An app that knows its curlew call from its blackbird song

In city or in forest, an ingenious app gives you the lowdown on warblers known and unknown

On call: the BirdSongID app

On call: the BirdSongID app


In recent days, I have noticed flurries of small twigs, moss, and strands of pampas grass being dropped on a particular part of my decking. Since the detective gene runs through me like the word Brighton in a stick of pink rock, I soon deduced birds were building a nest above, somewhere between the house’s gutter and roof. But which birds? I watched out for the busy avian porters of sticks and moss, and was absurdly pleased to recognise them as starlings.

There are many garden birds I recognise. It’s not that hard to name blackbirds, thrushes, robins, wrens, and my nesting starlings. But apart from cuckoos and corncrakes – and the ubiquitous urban pigeons – I don’t think there is a single birdsong or call I’d be able to identify with assurance. Yet of all the consistent background sounds in my day, birdsong is the loveliest and also the most mysterious.

There’s an app for that, of course. Not just one, but several that record and identify birdsong and calls. I eventually downloaded one on my iPhone this week, BirdSongID.

When you open the app, which covers birds found in Britain and Ireland, it gives you a gallery of different families of birds. Some of these have several members, such as “Thrushes”, under which are the robin, blackbird, song thrush, mistle thrush and one I’d never heard of, the fieldfare. Mind you, along with the familiar names of kingfishers and plovers and swallows, the app also lists a “ring-necked parakeet” under “parrots” – not a species I thought common to these islands.

The real interactive magic of the app however, is its record-and-identify function. Press the red button to make a 30-second recording, and then press “automatic recognition”. If the recording is of good quality, you get a list of the birds the app has picked up in the recording, starting with the most vocal, by percentages. It gives you a picture of the bird along with its percentage in the sound mix.

I first try the app walking along Rathgar Road in Dublin at 9am. It’s a long road I haven’t been on for a while, constantly busy with traffic, much of it buses. I have low expectations of getting any audio of good quality. I stop under trees, and hit record, while a bus whizzes past. Less than a minute later, I am gaping at my phone. Under all that urban noise, the birds are singing, and one of them – the top-rated, at 74 per cent – is a curlew.

I associate curlews with water and countryside, not suburban Dublin. Could the app be wrong? I am doubting its ability to identify what I cannot. I do what I do these days when I want an instant answer: I ask Twitter if it is possible to hear a curlew in Dublin. Yes, a reply comes, “I hear them all the time down at the Bull Wall”.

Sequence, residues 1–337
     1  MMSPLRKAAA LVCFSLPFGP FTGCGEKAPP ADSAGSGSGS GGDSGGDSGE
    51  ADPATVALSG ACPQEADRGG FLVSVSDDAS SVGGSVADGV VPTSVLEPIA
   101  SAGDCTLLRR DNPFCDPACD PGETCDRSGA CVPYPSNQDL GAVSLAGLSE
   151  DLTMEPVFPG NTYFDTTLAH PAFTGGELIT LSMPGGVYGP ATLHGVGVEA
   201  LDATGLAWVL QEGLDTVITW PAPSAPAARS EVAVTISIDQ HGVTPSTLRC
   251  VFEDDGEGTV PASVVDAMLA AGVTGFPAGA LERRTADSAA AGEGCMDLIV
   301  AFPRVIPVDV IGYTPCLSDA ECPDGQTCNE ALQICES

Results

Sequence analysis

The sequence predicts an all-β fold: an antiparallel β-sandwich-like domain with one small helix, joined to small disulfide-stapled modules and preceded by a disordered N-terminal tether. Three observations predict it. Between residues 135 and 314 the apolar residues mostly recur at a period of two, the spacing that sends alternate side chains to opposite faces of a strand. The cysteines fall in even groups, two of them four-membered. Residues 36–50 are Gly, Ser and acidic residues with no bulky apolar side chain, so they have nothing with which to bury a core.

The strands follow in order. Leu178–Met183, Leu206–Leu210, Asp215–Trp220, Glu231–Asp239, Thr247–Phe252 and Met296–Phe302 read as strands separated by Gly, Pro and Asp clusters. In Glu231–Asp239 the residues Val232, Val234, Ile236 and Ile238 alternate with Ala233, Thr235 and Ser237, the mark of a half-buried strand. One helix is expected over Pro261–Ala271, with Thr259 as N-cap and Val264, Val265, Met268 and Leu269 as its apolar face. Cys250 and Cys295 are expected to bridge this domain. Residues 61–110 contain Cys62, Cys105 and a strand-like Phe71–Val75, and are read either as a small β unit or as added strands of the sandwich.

Slow progress
It takes me almost an hour to walk 100m down Rathgar Road. I keep stopping to record, press automatic recognition, and marvel at the many different birds that are singing in the trees and gardens all around. I take screenshots of the results of what I am hearing.

After the curlew, the next recording shows up songs from robins, nightingales, blackbirds and song thrushes. The app even distinguishes between songs and calls (who knew there was a difference?), and, on this recording, the blackbird is both singing and calling.

Back in my garden, I make more recordings. There is a large lilac tree at the end of my garden, currently in full glorious purple bloom. It’s a haven for birds, which are constantly darting through its many branches. I just have no idea which birds. I think vaguely that they might be sparrows.

As it turns out, they are sparrows, but there are also dunnocks (listed under “accentors”, swifts, lapwings, and blackbirds. After a while, I begin to play the app’s recording of various birds, so that I can match them with what I have been recording myself, and try to identify, for example, a blackbird’s song.

I still can’t positively identify the song of a blackbird, or the call of a lapwing, or even tell you for sure what the dunnocks that apparently inhabit my lilac tree look like. But I’m learning.

The only downside of this marvellous app is that it has made me even more addicted to my phone than I already am. Is there an app for that?

Eric Dempsey’s Finding Birds in Ireland has just been published by Gill and Macmillan.,

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